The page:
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New Mothers Get Home Faster

Mothers and newborns are having shorter stays in hospital than a decade ago. Some mothers feel that they are sent home too soon.

Björn ja Nina Ziessler vastasyntyneen vauvansa kanssa Helsingin Naistenklinikalla.
Pariskunta vastasyntyneen vauvansa kanssa. Image: YLE

In the past twenty years, the average post-natal hospital stay for mother and newborn child has fallen from an average five days to three.

A survey of hospitals shows that the length of stays has continued shorten during the past year at least in Oulu, Tampere and Jyväskylä. During just the past week, it was established in Oulu that even first-time mothers can be sent home with their newborns as early as the day after giving delivery.

Some mothers feel that they are dismissed from hospital too quickly. Heidi Hiltunen, a 28 year-old Helsinki resident who had her first child a month ago, would have liked to have stayed in hospital longer.

"I was in poor condition and didn't feel that I was yet able to look after my child. Breast feeding was also difficult," says Hiltunen.

Many hospitals insist that patients are not pressured to go home too soon.

Heidi Hiltunen says that she was let to believe that it was time to go.

"A doctor said that five first-time mothers were waiting to use the room. It would have been embarrassing to stay longer."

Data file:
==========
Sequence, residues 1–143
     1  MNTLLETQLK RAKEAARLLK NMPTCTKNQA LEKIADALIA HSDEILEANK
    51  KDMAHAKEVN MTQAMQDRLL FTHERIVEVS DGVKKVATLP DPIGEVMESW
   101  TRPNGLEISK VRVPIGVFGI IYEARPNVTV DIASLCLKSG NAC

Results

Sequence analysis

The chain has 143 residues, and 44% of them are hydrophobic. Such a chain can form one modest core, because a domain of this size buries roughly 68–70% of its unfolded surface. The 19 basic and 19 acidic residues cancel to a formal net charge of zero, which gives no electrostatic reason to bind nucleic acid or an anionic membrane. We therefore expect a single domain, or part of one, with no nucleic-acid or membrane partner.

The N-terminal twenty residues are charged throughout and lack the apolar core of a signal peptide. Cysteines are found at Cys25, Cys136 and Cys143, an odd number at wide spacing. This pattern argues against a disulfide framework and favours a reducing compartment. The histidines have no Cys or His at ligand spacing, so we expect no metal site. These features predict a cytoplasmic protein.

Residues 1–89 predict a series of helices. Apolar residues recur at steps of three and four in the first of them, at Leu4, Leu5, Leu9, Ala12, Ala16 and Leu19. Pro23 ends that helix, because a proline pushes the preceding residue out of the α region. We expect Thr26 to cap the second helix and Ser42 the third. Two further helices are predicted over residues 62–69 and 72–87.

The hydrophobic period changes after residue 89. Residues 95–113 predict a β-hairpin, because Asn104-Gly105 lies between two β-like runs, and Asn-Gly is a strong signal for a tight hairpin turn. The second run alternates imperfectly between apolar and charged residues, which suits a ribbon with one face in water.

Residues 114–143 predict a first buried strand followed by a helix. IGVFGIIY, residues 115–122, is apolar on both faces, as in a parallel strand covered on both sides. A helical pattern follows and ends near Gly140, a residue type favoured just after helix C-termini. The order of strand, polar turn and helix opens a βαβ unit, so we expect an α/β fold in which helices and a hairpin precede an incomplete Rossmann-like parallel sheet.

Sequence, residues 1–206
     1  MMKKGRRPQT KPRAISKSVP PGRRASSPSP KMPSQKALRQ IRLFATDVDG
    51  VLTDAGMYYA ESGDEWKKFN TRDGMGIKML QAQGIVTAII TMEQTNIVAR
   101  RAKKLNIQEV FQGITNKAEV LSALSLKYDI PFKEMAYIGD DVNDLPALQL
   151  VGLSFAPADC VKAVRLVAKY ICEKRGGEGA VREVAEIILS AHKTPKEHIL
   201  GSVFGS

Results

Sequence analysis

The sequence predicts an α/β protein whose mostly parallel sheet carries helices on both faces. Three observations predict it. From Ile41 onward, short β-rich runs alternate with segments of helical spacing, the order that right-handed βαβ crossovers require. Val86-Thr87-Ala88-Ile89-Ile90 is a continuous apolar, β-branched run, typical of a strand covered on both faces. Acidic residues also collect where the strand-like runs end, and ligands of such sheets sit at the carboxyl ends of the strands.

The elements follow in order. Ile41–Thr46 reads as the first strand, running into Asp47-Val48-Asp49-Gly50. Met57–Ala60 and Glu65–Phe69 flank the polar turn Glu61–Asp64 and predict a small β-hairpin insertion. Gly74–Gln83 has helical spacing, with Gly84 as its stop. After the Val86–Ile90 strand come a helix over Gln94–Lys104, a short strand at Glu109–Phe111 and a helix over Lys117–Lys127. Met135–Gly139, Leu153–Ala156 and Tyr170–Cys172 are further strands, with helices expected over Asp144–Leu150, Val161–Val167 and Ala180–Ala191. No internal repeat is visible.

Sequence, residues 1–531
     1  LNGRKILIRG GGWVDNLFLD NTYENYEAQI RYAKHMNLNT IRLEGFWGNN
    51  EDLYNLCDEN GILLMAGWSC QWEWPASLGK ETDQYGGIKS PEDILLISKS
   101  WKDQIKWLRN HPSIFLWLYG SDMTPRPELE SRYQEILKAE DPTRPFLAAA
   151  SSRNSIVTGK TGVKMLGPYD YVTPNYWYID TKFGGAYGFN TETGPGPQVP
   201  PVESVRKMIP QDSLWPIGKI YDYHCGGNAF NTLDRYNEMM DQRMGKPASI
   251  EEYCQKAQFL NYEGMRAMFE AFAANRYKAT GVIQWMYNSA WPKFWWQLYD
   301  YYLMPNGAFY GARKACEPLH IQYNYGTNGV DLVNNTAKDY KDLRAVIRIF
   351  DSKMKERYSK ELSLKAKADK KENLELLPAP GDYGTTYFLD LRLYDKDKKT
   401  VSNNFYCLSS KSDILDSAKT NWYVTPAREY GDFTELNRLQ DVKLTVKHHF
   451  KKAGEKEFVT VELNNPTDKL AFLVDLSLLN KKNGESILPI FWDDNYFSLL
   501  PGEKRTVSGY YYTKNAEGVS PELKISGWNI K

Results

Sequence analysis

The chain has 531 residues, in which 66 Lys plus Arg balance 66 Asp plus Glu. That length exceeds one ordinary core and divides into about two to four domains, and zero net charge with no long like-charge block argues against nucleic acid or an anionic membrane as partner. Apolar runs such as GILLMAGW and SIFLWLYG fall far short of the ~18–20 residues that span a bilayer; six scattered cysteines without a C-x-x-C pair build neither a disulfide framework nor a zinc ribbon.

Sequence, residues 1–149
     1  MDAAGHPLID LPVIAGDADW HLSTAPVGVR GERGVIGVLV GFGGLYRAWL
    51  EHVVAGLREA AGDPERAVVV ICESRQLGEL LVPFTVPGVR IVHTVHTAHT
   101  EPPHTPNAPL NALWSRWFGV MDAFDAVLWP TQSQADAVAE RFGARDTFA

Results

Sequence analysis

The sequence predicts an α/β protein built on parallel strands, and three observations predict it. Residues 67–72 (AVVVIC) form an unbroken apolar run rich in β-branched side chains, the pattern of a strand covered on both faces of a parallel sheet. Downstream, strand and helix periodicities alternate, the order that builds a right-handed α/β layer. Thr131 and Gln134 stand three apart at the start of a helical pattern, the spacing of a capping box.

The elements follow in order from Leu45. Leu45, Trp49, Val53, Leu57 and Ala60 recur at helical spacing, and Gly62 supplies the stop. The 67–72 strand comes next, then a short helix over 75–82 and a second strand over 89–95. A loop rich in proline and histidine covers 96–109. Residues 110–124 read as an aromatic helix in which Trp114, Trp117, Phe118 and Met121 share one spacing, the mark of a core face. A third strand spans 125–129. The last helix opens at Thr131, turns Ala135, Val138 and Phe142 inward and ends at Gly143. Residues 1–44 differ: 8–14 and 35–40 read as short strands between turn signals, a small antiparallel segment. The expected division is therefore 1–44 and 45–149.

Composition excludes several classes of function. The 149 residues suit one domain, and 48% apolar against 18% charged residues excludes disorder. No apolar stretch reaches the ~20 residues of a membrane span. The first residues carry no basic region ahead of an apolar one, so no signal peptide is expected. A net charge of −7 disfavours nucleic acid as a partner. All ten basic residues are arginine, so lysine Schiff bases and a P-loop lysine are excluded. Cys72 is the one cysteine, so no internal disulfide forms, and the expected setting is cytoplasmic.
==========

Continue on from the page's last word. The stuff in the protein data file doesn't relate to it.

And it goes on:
Baby boom increases pressures

A baby boom in the capital region has increased pressure on mothers and families to get home faster.

"They may be left with the feelings that they are not able to fully take care of the baby and still need a little help. Wards sometimes are full and sometimes families have to be told that they are doing alright and it would be time to go home," explains Tau Ekholm, a midwife at Helsinki's Department of Obstetrics and Gynaecology.

According to Ekholm, shorter stays also increase pressures in staff, as they shift more care to outpatient and maternity counselling services.

The shortest post-natal hospital stays are at the Kätilöopisto Maternity Hospital in Helsinki, and at hospitals in Hyvinkää and in Jyväskylä. Statistics show that at all three, the average stay after giving birth is 2.7 days.

Shorter stays are often a cost-savings measure for hospitals, but also a change in methods of care. Many experts say that in the past healthy mothers of newborns were kept needlessly long in bed.

Many mothers want to get home as soon as possible. However, this has not been reflected in the number of births at outpatient clinics. Mothers giving birth as outpatients do not stay on in a hospital ward at all. Their numbers still remain small.

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